In the world of Mozilla, software that was released two months ago is considered old and outdated. For other software, two months is considered new. If your file a bug on a build that is a month old, you get chastised for using an old product and the bug often gets marked invalid. Sure, some bugs are invalid (or duplicates) since they were fixed recently; many others aren't.
I stopped upgrading Mozilla a long time ago, opting instead for an occasional update. I used Mozilla 1.4 up until a month after 1.6 was released. I could have updated to get a few features or security fixes, but I didn't. Why? I'm tired of updating software. And just for the Firefox crowd, I'm also using Firebird 0.7 (still the old name). Why don't I update? I'm tired of updating software. Will I update to 1.7 or 1.8 or Firefox 1.0? I don't know. Perhaps if it's the one or two days a year when I'm not tired of updating software, I will.
I used to get excited when a new version of something arrived. I don't any more, as the new version is more of the same. Ordinary users aren't going to update software either. (People who have at some point posted a message on Mozillazine.org aren't ordinary users in this sense). They're not going to update unless there's a compelling reason to do so. And that reason has to be more than my urge not to update since I'm tired of updating software.
This is also why people don't switch from IE. Popup blocking is the only real advantage that any end user would care about, and that advantage is going away with the next IE update. Mozilla has lots of great features like tabs and type ahead find and DOM inspectors, but the reality is that advantages don't sell a product. Actually, the disadvantages of the competitor are what makes people switch. An IE user might say "Look at all these popups and ads; this makes it very difficult to use; perhaps there's something better out there." Then, they might start using Mozilla (or Firefox). However, I can't imagine any ordinary user saying. "Look at how I have to select the Find command and then type in what I want to find on the page. I wish there was a way I could find text by pressing the slash key and then typing what I want and having it find the text incrementally." No user thinks this way, since most people aren't creative enough to think of the easier way. You have to show them the easier way. And make sure to show them, since ordinary users won't know which of the many Mozilla versions to try.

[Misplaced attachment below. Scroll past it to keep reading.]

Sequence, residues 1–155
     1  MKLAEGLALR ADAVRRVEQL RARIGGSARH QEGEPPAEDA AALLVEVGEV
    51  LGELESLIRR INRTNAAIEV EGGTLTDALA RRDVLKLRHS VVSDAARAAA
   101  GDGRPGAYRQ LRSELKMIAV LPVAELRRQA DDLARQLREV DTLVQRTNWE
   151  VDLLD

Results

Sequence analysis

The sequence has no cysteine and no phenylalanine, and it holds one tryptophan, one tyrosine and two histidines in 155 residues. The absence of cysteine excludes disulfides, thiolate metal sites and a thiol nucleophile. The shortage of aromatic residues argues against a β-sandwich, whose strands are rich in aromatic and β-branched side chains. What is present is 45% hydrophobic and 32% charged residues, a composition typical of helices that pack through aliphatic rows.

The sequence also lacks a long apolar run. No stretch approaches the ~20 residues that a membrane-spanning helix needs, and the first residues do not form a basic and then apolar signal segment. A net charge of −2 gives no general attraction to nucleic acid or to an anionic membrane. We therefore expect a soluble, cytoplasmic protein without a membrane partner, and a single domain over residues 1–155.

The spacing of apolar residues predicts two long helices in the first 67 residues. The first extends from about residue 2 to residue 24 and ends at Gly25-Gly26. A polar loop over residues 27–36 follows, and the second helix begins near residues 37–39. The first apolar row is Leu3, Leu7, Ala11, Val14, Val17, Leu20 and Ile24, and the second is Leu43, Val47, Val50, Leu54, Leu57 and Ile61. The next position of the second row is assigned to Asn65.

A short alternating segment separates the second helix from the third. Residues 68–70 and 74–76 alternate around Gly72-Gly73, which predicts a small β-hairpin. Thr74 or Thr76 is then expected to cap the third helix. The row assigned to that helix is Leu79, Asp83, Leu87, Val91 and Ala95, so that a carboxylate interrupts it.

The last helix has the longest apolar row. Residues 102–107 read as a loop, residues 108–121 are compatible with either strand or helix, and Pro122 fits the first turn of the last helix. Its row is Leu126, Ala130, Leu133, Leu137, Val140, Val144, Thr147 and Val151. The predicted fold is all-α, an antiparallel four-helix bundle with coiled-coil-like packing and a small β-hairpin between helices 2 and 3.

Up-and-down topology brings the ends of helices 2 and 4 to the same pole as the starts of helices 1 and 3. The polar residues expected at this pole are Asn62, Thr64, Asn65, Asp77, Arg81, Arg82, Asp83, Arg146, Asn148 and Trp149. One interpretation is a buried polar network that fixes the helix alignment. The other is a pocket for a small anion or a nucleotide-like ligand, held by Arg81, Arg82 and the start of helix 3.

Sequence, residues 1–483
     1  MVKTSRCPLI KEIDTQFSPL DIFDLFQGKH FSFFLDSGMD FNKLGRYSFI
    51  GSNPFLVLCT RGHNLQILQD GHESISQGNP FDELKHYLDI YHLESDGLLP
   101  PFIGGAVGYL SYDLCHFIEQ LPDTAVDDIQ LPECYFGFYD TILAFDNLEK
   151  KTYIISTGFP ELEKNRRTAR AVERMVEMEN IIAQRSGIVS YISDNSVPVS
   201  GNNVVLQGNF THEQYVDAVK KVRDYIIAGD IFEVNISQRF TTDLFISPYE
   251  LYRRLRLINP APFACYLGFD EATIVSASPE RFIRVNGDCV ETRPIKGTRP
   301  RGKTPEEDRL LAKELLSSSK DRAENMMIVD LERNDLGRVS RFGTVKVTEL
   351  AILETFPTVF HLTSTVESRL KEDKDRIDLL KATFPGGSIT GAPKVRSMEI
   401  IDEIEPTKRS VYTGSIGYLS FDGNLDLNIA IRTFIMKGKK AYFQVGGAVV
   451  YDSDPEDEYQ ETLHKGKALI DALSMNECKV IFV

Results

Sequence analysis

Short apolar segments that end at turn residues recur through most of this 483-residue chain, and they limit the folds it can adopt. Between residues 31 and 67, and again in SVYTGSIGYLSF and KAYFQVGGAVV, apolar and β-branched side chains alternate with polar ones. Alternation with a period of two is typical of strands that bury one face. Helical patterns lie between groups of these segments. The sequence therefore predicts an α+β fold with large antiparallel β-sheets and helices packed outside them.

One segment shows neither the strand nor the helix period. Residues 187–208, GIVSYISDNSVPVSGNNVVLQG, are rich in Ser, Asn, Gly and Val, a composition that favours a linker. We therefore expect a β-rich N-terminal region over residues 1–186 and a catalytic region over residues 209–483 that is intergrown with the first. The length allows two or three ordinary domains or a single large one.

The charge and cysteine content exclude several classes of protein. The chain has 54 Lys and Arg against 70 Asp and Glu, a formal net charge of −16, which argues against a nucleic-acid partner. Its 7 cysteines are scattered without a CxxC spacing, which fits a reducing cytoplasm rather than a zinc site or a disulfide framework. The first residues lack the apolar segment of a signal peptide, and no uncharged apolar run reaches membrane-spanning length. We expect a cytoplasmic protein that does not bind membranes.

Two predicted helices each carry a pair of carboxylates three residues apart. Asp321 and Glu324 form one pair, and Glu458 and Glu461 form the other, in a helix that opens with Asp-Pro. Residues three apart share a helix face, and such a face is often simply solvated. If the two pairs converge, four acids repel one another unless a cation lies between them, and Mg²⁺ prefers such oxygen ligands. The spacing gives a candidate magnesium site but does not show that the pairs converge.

I'm sure there's some reason for having a new release or pseudo release every month. Perhaps it's for QA purposes so that people who aren't tired of updating software will always get the latest versions and test them. Maybe it's to get more feedback as people who aren't tired of updating software will always get the latest versions and provide feedback. Maybe it's for marketing purposes so that slashdot and other tech news sites post articles about the newest release. I'm not sure about the latter. Mozilla has so many releases that it hardly qualifies as news any more. Reporting about a Mozilla release is like reporting that the month ended.
In my opinion, if there is still a need for frequent releases, why not make the version numbering more sensible and release ten alphas and betas, then release a final build once a year or every nine months, like most other sofware? I'm sure someone will tell me that I'm all wrong, but, as an end user, I'm tired of updating software.